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There has been little research examining executives who change jobs by specifically following these individuals both before and after their employer changes. By incorporating research on the boundaryless career [Arthur, M. B., & Rousseau, D. M. (Eds.). (1996). The boundaryless career: A new employment principle for a new organizational era. New York: Oxford University Press; Sullivan, S. E., & Arthur, M. B. (2006). The evolution of the boundaryless career concept: Examining physical and psychological mobility. Journal of Vocational Behavior, 69, 19–29] and applying Frank’s theory of relative standing (1985), this study examined factors that may cause executives to change jobs in the context of managing their careers. Our findings revealed that factors, such as age and compensation, were related to the likelihood of job movements as well as declining organizational health. Post-hoc analyses also indicated that executive job-changers received significantly greater increases in total compensation and were more likely to receive increases in organizational status.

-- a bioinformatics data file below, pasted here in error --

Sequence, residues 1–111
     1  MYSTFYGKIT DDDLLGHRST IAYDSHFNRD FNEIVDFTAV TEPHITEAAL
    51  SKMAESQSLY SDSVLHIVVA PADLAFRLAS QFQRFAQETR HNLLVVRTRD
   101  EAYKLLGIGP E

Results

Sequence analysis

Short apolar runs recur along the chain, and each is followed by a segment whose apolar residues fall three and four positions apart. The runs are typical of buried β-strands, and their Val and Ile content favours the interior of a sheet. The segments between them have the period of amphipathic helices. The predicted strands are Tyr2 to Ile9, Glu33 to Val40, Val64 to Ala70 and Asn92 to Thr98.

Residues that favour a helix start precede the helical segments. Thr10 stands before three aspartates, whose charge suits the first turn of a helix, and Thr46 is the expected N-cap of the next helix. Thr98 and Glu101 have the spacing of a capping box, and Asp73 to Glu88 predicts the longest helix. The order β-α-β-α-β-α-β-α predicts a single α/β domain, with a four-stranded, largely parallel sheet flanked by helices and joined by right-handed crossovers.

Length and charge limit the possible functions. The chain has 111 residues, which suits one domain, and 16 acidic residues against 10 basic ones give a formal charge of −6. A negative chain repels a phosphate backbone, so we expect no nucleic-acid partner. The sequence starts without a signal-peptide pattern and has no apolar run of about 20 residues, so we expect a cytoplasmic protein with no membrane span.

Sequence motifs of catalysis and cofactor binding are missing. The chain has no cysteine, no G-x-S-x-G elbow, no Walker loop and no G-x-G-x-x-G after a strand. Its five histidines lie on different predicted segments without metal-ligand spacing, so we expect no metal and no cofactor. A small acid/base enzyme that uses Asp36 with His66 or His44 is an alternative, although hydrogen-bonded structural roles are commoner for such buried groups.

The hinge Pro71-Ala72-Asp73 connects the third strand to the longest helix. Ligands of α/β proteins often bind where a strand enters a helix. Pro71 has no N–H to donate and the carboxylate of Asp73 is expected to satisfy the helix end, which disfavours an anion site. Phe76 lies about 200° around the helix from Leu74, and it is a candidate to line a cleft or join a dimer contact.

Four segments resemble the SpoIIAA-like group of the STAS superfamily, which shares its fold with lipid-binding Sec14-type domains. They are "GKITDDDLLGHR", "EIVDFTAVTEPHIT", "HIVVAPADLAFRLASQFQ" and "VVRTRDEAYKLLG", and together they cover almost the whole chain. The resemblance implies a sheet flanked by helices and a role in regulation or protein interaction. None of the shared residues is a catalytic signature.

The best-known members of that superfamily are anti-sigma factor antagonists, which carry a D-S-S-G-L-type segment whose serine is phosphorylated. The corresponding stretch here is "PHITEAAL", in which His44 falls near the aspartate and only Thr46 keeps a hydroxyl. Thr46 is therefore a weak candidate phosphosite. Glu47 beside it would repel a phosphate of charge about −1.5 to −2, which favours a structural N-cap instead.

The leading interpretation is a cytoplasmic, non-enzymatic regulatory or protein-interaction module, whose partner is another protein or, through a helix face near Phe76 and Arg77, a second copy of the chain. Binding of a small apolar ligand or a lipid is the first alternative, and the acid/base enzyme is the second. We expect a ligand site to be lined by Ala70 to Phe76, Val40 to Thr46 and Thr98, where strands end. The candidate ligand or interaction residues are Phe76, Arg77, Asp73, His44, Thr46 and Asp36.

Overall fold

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© Elsevier. Final version published as: Cheramie, R. A., Sturman, M. C., & Walsh, K. (2007). Executive career management: Switching organizations and the boundaryless career. Journal of Vocational Behavior, 71(3), 359-374. Reprinted with permission. All rights reserved.